In three hours, Kate Johnson was covered in markings.
Phrases such as "I hate the way you look at me but won't do anything about it," "You need to grow up" and "Being gay is overrated" were written all over her body. They were messages a person might not have the courage to say to someone's face.
"It's what you want to say to someone, but can't or never have," said Johnson, a senior art major.
From 11 a.m. to 2 p.m. Wednesday, she stood in a nude-colored bra and underwear near the second-floor bathrooms in the Art and Journalism Building, inviting students to write with Sharpies on her arms, legs and any available space besides her face.
This was part of her class project in Directions in Photography. Her main objectives was to show progression and solicit participation from students.
Three weeks ago, she started collecting messages submitted in a box at the bottom of the main staircase in the Atrium.
She printed the messages and stapled them on the wall near the bathrooms on the second floor. After being told she was defacing school property, she came up with an alternative idea.
"I'm bringing it out to the surface," she said. "If I can't put it up somewhere, the only place I personally have is my body."
Kevin Kenyon, vice president of Facilities Planning and Management, told Johnson to take down the messages once the incident was brought to his attention.
"I usually try to accommodate [students]," Kenyon said, "but I don't want students taking over every space in the buildings or the sidewalks."
Johnson said she offered to fill in the holes or repaint the wall as soon as she was done with the project, but Kenyon told her he was just wanted her to take the note cards off the wall.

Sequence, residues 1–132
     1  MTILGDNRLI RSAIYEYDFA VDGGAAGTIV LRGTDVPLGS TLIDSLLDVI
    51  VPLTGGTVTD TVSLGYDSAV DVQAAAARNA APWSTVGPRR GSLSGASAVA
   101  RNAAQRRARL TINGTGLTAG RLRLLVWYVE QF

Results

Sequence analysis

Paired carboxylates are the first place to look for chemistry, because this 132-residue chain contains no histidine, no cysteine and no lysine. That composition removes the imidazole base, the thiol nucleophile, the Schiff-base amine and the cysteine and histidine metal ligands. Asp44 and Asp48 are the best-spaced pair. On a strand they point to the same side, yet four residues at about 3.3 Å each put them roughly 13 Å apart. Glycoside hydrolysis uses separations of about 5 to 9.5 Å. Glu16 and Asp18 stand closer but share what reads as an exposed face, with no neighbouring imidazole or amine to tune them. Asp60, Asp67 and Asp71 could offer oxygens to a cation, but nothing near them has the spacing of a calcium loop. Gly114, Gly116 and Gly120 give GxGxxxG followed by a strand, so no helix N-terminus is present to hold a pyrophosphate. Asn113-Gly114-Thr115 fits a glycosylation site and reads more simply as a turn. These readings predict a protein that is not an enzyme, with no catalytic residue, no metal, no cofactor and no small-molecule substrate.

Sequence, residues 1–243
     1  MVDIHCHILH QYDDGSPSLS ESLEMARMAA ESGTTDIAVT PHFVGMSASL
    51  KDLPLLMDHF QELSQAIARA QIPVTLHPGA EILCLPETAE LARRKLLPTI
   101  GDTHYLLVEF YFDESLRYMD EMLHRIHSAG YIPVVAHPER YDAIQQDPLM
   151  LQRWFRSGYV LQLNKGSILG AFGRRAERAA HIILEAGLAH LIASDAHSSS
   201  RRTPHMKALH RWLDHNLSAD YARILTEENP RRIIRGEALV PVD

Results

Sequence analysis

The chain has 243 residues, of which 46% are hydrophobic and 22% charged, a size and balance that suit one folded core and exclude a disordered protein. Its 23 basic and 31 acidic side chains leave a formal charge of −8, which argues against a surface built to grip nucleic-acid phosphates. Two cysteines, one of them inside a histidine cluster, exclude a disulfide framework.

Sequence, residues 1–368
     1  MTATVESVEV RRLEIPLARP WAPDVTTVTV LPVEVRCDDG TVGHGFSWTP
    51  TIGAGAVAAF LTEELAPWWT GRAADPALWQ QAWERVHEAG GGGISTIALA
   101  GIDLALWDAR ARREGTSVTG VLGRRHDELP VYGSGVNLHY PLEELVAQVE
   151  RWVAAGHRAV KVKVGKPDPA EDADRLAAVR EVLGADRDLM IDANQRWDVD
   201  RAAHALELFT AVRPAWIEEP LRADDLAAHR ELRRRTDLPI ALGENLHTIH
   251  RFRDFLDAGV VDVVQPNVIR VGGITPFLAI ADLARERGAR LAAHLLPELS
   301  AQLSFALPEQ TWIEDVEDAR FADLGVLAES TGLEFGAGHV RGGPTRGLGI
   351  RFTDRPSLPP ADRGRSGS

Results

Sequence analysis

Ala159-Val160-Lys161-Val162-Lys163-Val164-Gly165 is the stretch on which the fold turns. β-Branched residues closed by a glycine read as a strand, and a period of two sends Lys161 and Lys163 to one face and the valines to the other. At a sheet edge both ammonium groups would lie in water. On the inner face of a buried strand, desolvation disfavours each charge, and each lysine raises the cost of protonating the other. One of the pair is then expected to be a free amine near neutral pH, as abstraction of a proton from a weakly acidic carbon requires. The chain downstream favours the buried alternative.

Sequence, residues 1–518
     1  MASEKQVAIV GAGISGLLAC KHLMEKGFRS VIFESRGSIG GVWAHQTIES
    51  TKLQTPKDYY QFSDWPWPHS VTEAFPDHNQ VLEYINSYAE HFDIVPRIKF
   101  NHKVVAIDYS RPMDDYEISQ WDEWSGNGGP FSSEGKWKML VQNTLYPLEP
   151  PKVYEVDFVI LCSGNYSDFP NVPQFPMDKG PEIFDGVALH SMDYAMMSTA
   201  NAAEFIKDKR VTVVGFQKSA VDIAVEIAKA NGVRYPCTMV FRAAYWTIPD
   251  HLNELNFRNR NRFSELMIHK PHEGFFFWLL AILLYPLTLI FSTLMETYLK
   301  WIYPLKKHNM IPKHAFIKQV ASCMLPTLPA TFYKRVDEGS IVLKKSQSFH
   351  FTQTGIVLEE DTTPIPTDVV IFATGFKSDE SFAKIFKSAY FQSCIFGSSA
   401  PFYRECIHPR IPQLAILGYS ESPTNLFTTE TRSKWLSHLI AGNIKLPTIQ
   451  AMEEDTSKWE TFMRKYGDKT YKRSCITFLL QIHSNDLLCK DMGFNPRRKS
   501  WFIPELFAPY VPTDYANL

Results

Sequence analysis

Students who want to post anything on university property, besides the bulletin boards, should fill out a space requisition form, an interactive PDF that can be found on the Ball State website, Kenyon said.
For Johnson, the reprimand didn't phase her. She just came up with a new medium.
With plenty of Sharpies, she invited students to write phrases on her body. To help with her project, Johnson had her mother, her boyfriend and other friends help.
Her boyfriend, Andrew Yundt, said he was impressed with the response from students, who started forming a steady line around 11:45 a.m.
"I thought it was kind of extreme," he said. "I wouldn't even stand out there wearing half my clothes."
Johnson's mother, Betty, said she didn't know what to expect. She works at a women's boutique in West Lafayette but took the day off to support her daughter.
"I was kind of shocked at first," Betty Johnson said. "But I'm happily surprised [with the turnout]."
Students who participated said they were impressed with Johnson's confidence and the idea behind the project.
"I think it's really interesting that she's putting herself out there," freshman Taylor Jessup said. "She's letting people express themselves through her."
Betty Johnson documented the event on videotape. Kate Johnson said an important element of the project is showing progression.
In a few weeks, Kate Johnson will put posters up around campus, and she'll document participation over time by how much is written.
Kate Johnson said she was nervous at first about asking people to write on her body but realized that getting people to take part was more important than her initial anxiety.
"It doesn't exist unless people participate in it," she said.